VISUAL AND CENTRAL CORNEAL THICKNESS CHANGES ASSOCIATED WITH OVERNIGHT ORTHOKERATOLOGY

Tracy Nguyen

Abstract

PURPOSE. To examine the changes in unaided visual acuities (UVA), contrast sensitivity (CS) and central corneal thickness associated with a reverse geometry design orthokeratology lens worn overnight for a 3-month treatment period. METHOD. Eight subjects (ages 21 to 43) with myopia less than 3.00D and astigmatism less than 1.00D were fitted with reverse geometry OK lenses (OK B & D Series, Contex Inc., Sherman Oaks, CA). During this period, the lenses were worn overnight and removed during the day. Data was collected once before treatment (baseline) and then at 0, 4, 8 and 12 hrs following the removal of OK lenses after overnight wear at 1 day, 1 wk, 1 mo., and 3 mos. Unaided logMAR visual acuities were measured with Bailey-Lovie charts. Log CS was measured using the Pelli-Robson chart at 5 m. Central 3 mm corneal thickness was measured using Orbscan.

RESULTS. At Day 1, mean UVA and CS at 0 hr improved significantly (p<0.05) from baseline (UVA: OD 0.56 to 0.0125, OS 0.4225 to-0.0525; CS: OD 0.57 to 1.52 , OS 0.94 to 1.60). However, these values deteriorated from 0 to 12 hrs (UVA: OD .205 OD, OS .0925; CS: OD 1.24, OS 1.36), although still better than baseline. However, at 1 wk. mean UVA and CS improved again (UVA: OD -0.115, OS-0.0875, CS: OD 1.69, OS 1.65) and remained unchanged throughout the day. The results at 1 and 3 mos. were similar to those at 1 wk. For all test visits, the mean central corneal thickness increased by approx. 20mm at 0 hr and returned to baseline at 4 hrs and was not significantly altered thereafter. Neither mean UVA nor CS was significantly correlated with central corneal thickness changes.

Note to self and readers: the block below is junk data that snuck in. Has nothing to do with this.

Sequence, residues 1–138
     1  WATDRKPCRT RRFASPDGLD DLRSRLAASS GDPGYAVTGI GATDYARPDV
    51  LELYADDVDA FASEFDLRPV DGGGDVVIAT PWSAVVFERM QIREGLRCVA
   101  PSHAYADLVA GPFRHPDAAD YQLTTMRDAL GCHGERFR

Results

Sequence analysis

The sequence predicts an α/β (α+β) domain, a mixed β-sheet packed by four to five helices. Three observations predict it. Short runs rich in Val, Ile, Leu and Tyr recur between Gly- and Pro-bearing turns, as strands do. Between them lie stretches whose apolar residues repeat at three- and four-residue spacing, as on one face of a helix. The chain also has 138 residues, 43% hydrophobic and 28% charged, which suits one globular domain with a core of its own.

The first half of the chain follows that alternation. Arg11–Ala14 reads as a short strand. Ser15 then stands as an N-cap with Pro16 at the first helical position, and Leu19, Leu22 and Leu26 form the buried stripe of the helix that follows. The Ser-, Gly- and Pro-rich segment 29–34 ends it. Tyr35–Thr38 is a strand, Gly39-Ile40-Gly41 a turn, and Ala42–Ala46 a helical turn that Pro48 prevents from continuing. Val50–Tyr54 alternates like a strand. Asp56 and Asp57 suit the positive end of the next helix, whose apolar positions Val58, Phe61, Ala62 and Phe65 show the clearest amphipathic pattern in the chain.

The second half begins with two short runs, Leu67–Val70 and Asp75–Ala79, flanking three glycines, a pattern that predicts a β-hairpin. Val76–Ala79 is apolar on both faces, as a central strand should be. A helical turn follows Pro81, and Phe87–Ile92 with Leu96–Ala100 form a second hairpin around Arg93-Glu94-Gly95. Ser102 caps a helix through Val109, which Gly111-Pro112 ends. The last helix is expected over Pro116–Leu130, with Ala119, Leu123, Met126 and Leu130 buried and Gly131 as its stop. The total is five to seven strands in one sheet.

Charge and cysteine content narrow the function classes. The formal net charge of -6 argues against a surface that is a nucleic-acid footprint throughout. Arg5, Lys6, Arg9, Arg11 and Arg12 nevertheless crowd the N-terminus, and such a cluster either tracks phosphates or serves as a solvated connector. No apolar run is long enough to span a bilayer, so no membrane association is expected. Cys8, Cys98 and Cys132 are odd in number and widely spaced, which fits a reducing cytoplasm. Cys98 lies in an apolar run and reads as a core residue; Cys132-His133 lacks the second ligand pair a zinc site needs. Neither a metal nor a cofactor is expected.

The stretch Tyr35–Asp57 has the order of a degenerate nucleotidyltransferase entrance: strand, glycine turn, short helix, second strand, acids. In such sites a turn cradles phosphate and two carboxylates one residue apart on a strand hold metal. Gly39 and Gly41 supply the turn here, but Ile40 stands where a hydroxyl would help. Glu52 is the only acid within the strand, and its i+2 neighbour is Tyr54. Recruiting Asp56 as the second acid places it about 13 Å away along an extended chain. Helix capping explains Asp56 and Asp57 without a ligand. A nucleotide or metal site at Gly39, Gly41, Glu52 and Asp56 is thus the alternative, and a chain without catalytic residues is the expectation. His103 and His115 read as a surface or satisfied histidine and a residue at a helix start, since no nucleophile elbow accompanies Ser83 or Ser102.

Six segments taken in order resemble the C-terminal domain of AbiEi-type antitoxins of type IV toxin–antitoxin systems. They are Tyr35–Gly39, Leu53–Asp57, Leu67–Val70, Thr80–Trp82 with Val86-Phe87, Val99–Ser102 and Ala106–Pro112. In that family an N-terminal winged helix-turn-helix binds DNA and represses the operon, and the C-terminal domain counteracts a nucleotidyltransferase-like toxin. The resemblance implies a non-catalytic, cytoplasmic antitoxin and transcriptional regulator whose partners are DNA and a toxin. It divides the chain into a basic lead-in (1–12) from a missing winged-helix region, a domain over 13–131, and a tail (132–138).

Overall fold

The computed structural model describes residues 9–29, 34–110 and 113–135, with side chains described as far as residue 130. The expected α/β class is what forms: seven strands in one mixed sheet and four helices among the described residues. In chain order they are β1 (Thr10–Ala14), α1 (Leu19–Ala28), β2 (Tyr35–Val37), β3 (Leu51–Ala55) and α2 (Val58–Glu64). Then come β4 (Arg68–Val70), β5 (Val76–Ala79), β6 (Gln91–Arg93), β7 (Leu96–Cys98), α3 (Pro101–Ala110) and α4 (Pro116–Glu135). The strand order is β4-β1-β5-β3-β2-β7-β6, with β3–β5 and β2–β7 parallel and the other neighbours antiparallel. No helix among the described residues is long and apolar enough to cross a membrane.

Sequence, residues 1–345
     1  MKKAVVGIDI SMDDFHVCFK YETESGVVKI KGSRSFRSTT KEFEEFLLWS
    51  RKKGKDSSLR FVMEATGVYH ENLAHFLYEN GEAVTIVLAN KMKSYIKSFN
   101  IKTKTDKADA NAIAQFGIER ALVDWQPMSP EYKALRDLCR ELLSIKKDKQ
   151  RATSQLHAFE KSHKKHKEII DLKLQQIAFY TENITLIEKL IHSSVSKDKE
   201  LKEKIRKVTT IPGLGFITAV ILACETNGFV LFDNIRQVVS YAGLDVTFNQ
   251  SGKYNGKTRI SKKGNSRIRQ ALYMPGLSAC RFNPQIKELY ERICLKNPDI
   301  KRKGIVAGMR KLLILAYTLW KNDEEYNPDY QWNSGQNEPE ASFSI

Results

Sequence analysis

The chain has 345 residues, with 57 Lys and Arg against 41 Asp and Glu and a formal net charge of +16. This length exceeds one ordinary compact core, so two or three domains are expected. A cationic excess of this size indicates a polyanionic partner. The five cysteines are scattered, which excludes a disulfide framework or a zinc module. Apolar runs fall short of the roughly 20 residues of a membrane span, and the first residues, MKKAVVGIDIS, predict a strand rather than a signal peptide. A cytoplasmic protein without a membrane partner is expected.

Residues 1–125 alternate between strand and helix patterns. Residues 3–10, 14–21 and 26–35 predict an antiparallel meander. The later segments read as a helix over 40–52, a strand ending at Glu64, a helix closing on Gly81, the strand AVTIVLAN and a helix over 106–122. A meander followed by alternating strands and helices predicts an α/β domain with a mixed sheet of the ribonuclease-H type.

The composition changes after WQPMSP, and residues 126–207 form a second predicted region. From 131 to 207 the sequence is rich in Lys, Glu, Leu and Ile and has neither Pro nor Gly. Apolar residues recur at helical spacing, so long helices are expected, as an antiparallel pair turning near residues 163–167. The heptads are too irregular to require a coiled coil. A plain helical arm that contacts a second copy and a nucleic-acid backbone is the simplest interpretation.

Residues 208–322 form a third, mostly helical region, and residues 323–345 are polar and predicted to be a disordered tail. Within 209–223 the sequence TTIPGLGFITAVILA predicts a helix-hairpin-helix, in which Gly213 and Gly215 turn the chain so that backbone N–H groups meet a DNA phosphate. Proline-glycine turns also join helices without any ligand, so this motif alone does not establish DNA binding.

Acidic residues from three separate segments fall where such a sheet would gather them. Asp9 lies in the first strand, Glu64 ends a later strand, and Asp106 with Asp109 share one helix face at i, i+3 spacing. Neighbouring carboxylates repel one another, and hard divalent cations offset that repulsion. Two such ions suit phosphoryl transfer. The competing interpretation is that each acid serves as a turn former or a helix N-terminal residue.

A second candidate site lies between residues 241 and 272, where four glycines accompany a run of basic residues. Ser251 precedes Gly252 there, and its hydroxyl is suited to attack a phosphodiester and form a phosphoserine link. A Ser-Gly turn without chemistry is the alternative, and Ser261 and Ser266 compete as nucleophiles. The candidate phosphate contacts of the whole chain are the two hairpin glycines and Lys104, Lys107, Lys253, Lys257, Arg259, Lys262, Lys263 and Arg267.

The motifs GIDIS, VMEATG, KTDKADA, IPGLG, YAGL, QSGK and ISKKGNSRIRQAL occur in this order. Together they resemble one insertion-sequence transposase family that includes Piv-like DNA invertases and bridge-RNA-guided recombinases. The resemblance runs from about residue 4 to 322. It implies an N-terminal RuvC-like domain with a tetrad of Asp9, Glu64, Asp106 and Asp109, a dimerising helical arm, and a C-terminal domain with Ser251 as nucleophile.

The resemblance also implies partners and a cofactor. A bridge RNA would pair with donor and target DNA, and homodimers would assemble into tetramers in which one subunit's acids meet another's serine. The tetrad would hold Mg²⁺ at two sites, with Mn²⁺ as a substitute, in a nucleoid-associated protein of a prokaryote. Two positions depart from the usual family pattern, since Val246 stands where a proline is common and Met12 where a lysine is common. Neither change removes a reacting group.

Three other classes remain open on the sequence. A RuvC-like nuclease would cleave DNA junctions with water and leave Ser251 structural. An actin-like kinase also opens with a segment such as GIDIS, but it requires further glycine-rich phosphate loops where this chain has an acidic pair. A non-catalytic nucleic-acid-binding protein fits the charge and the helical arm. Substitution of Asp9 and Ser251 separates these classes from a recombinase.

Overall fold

CONCLUSIONS. With overnight wear of reverse geometry design orthokeratology lenses, maximum unaided visual improvement is achieved by 1 week. We believe the increase in central corneal thickness at 0 hr is the result of edema following sleep. However, the lack of expected central corneal thinning with Orbscan is likely due to the large variability of thickness measurements and therefore, do not reflect the noted visual improvements in this study. Future studies will analyze central corneal thickness changes using other techniques

Details

Year: 2001

Program Number: Poster 44

Author Affiliation: Indiana University

Co-Authors: P. Sarita Soni, Donna Carter, Trina Biehl

Co-Author Affiliation: Indiana University, Indiana University, Indiana University

Room: Exhibit Hall C